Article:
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Dharma of evolution

Dharma of evolution
September 22, 2009, 04:15:45 AM
I'm not new to this concept, but I was re-reading this edition of the Gita, and this quote hit me in the face, so I will share it with my brethren:

Quote from: The Bhagavad Gita - Introduction by Eknath Easwaran
[...] Rightly understood, however, reincarnation is not exotic but quite natural. If personality consists of several sheaths, the body being only the outermost, there is no reason why personality should die when the body is shed. The sages of the Upanishads saw personality as a field of forces. Packets of karma to them are forces that have to work themselves out; if the process is interrupted by death, those forces remain until conditions allow them to work again in a new context.

People seem to inherit the basic elements of their personality genetically. Both good and bad personalities are to reincarnate (appear in subsequent offspring) until their particular varieties die out somehow. Evolution is a process of samsara (life and death), and reincarnating into a lower being via karma isn't a wholly-inaccurate concept; we will regress to a dumb ape state if we embrace bad qualities in the human gene pool and keep dumping HIV into our water supply.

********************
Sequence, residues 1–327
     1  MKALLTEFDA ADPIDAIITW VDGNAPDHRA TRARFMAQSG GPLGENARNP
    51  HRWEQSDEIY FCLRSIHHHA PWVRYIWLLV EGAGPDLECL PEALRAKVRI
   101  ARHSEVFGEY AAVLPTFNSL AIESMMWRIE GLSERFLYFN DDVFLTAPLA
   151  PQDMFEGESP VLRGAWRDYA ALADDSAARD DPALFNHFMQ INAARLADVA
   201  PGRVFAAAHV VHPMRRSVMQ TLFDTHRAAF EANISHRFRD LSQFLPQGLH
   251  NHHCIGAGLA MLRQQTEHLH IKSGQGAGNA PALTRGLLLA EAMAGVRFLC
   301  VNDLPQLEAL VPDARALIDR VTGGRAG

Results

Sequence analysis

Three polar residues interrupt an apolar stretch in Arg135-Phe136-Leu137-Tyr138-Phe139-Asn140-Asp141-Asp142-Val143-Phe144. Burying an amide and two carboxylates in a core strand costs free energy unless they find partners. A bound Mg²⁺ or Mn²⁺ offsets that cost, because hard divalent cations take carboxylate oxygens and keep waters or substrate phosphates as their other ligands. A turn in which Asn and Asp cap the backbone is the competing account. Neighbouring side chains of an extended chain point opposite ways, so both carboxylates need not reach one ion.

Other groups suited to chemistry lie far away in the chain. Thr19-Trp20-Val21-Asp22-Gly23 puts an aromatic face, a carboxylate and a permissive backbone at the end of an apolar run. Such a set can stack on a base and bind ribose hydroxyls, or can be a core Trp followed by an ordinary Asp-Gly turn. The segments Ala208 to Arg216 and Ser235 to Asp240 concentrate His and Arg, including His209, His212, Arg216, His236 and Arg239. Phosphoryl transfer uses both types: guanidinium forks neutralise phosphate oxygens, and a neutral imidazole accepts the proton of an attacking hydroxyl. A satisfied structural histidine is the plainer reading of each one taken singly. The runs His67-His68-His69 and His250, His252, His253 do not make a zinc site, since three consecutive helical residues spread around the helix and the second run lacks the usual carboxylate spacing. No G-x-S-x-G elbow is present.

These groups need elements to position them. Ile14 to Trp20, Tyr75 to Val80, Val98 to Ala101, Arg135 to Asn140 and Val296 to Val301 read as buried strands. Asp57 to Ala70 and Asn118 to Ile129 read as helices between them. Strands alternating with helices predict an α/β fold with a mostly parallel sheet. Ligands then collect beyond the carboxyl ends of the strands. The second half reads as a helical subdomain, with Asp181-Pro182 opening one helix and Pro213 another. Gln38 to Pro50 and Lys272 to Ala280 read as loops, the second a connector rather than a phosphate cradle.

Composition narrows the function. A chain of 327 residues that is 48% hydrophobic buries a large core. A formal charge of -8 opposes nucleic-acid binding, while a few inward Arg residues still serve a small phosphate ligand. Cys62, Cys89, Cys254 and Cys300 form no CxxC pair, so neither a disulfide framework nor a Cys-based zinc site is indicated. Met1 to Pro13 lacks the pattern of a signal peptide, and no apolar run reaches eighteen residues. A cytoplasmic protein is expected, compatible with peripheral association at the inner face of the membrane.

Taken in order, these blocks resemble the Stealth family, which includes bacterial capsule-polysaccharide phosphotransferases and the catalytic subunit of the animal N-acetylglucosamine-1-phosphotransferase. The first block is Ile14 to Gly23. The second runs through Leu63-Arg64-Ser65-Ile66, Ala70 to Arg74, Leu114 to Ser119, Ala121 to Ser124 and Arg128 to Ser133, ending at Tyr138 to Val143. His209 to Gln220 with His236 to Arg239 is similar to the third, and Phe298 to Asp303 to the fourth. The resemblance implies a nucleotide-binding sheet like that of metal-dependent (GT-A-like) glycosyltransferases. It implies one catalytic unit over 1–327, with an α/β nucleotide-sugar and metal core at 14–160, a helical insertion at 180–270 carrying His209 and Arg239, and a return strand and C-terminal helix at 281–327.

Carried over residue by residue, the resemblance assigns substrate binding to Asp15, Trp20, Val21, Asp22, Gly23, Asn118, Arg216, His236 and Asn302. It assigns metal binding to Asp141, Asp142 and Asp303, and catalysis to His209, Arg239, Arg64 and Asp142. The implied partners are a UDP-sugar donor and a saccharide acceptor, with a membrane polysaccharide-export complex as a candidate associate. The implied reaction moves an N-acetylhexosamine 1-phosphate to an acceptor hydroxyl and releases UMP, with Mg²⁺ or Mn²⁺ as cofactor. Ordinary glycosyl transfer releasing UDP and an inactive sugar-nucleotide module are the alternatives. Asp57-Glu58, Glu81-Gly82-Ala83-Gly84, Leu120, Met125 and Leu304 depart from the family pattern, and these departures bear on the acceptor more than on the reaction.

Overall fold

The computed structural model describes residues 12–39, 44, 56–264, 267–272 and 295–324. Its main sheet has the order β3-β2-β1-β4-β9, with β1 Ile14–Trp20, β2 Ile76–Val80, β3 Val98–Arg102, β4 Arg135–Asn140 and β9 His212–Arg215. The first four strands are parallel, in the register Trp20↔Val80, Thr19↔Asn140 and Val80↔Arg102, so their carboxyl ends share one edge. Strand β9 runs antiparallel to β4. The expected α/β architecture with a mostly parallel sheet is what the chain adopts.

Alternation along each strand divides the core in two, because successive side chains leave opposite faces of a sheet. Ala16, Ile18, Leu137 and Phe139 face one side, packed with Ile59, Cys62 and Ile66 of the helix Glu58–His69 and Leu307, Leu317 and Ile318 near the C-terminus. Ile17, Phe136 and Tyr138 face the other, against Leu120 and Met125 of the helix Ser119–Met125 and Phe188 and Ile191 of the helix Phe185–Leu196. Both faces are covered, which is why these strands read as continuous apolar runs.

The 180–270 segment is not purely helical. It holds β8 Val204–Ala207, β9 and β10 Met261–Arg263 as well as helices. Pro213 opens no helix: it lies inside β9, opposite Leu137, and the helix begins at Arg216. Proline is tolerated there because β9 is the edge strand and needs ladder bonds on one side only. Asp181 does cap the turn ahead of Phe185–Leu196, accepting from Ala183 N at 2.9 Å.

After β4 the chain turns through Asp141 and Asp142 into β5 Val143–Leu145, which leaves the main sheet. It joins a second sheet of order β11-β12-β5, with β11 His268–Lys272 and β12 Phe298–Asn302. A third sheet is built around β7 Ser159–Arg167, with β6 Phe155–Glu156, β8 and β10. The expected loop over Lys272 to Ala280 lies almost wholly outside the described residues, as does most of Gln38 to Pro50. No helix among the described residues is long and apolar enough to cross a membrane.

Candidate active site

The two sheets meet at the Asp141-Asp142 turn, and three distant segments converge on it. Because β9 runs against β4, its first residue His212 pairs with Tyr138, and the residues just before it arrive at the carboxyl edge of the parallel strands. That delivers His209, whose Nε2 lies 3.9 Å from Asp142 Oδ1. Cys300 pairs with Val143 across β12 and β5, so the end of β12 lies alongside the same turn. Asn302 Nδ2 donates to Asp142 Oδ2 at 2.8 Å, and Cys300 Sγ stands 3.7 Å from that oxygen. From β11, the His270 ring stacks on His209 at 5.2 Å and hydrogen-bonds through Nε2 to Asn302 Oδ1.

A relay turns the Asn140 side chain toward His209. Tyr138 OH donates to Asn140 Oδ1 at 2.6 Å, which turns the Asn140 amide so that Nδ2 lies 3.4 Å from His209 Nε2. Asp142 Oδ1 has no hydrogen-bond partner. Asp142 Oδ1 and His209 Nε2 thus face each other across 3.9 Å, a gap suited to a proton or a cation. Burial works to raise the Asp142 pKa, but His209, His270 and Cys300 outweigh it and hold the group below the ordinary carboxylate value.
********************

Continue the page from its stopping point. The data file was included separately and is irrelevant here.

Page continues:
Samsara can be good, as it can help to eliminate unwanted elements.

On the flip-side: we can only go higher if we strive for and only accept the best, and not just for ourselves, but for our future selves.

Re: Dharma of evolution
September 22, 2009, 06:44:42 AM
Evola's treatment of the subject of karma and reincarnation is relevant here: http://www.gornahoor.net/?p=72

One should take care to neither fall into the trap of a moralist interpretation of karma ("good" actions lead to pleasant reincarnations, "evil" actions lead to unpleasant incarnations), nor to fall into the trap of an evolutionist interpretation of reincarnation (beings "evolving" to a higher state through progressive reincarnations).